Faith is the daughter of a preeminent naturalist and reverend. Suddenly, she and her family are uprooted and move to a remote island off the coast of England. The Reverend Sunderly is supposedly there to assist in an excavation near some sea caves that might uncover new fossils. Faith begins to suspect there is something more to their exile.
Her mother, Myrtle, is a manipulative chameleon who changes her stripes to suit her needs. Her younger brother Howard is sweet but naive and Faith finds it frustrating that he should be doted on just because he is a boy.
By degrees, Faith involves herself in the ongoing archaeological site and uncovers a strange plant that thrives on darkness and lies, all the while trying to solve a murder on the island.
While technically a young adult book, there is very little about it that is obviously for teens. These moments are few and far between, and in general it focuses on telling a good story, not appealing to a demographic.
Faith is a complicated, strong character. She must learn how to navigate a realm between who she wants to be and being there for her family. She explores the boundaries of doing the right thing and doing the wrong thing for the right reasons. Above all, she is observant.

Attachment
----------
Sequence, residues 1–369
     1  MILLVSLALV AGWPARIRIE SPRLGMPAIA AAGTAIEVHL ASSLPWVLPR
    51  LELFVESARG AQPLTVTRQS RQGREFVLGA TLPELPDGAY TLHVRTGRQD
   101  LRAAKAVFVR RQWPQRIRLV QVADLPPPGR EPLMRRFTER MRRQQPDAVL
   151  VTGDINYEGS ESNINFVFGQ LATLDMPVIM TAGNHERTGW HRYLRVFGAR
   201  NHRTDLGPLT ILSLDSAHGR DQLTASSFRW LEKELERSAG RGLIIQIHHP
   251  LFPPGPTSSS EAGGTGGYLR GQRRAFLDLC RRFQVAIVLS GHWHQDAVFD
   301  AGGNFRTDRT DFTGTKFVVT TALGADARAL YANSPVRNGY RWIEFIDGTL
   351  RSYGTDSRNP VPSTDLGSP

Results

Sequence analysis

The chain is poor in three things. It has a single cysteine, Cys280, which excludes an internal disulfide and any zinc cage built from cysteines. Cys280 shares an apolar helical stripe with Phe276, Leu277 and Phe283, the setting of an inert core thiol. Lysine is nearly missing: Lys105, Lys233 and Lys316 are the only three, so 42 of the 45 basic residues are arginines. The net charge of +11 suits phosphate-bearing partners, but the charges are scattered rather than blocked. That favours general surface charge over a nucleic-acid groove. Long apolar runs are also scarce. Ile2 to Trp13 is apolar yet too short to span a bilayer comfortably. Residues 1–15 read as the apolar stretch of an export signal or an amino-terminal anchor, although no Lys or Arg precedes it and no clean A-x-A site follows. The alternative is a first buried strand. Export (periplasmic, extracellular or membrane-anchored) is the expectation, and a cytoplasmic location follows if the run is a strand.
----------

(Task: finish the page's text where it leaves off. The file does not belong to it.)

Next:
Even without Uncle Miles’s warning, Faith would have known that a storm was breaking as soon as she entered the house. Quiet people often have a weather sense that loud people lack. They feel the wind-changes of conversations, and shiver in the chill of unspoken resentments. ~Pg. 99
Thematically, Hardinge weaves in and out of the ideas of the tree of knowledge, of good and evil, of evolution and creation, and of perception and reality.
Faith felt neither triumph nor guilt. The darkness was lonely, and time was running out. She thought of the Lie Tree in its roaring cave, and oddly this made her feel a little less alone.
As sleep cradled her, she imagined her lie spreading silently like dark green smoke, filling the air around the house like a haze, spilling from the mouths of those who whispered and wondered and feared. She imagined it soaking like mist into waiting leaves, seeping like sap down gnarled, slender stems and forcing itself out into a small, white spearhead of a bud. ~Pg. 217
The Lie Tree is a well-plotted, sophisticated novel that is enjoyable for adult readers as well as teens. It is a great addition to the canon of Victorian-era drama with strong female characters.
Many thanks to Jason at Abrams Books for the review copy.
Hardcover: 384 pages
Publisher: Harry N. Abrams (April 19, 2016)
Product Dimensions: 6 x 1.2 x 8.6 inches